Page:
The trial will evaluate the system’s safety and potential to measure surgical margins in real-time
Navigation Sciences has enrolled the first patient in the first-in-human clinical feasibility study of its NaviSci system for tissue-conserving removal of early-stage lung tumours.
The intelligent surgery system incorporates augmented reality and advanced software with surgical instruments to offer real-time measurement of surgical margins, thereby helping to reduce the risk of cancer recurrence and safeguard lung function.
The trial, dubbed Navigated Resection of Lung Nodules, will evaluate the system’s safety and potential to measure surgical margins in real-time in 25 patients undergoing lung surgery.
It will also assess NaviSci’s ability to incorporate and enhance the surgical workflow. Navigation Sciences is conducting the trial at Brigham and Women’s Hospital in Boston.
The system allows the physician in real-time to know accurately where the target potential tumour nodule and surrounding tissue are in contact with the surgical instrumentation and guide the surgeon on margin distance for excising the nodule.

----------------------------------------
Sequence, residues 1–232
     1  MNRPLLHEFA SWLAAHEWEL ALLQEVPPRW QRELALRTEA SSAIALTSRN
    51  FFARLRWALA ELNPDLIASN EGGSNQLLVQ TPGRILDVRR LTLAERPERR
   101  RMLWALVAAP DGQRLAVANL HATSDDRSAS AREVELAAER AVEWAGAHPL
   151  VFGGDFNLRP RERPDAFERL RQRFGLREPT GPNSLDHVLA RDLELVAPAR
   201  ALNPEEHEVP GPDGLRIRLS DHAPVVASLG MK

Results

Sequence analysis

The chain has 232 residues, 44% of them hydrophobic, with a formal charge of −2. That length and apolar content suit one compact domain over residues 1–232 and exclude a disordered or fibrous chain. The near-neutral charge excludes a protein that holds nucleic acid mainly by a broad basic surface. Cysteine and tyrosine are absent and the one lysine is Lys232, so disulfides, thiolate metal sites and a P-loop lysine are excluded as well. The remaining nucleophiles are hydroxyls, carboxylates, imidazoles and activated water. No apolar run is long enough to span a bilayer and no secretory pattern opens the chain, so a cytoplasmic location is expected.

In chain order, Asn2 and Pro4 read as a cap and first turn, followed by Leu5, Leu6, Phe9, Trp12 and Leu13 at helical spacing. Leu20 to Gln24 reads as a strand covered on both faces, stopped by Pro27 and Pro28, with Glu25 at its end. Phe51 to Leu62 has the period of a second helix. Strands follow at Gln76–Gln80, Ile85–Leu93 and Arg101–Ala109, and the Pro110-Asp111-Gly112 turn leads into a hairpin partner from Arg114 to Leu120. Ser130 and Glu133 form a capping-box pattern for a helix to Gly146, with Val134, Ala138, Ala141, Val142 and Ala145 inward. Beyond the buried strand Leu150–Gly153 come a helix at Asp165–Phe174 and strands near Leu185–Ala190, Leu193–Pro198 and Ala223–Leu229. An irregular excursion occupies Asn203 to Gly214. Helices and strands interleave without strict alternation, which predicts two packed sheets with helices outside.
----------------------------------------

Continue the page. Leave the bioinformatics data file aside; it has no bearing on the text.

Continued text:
NaviSci system consists of various components such as active and fiducial marker with an electromagnetic sensor, which will be placed next to the tumour to localise and track its position.
It also includes a surgical cutting instrument with a second electromagnetic position sensor and advanced software, which associated the sensors on the tumour with the cutting instruments and offers visual and quantitative information to measure tumour margins in real-time.
Navigation Sciences co-founder and CEO Alan Lucas said: “The NaviSci System and Intelligent Surgical approaches have great potential to dramatically increase the precision of lung and other complex cancer surgeries, improving patient outcomes and providing benefits to clinicians and providers. Successful completion of the trial will support an application to the FDA for U.S. marketing clearance.”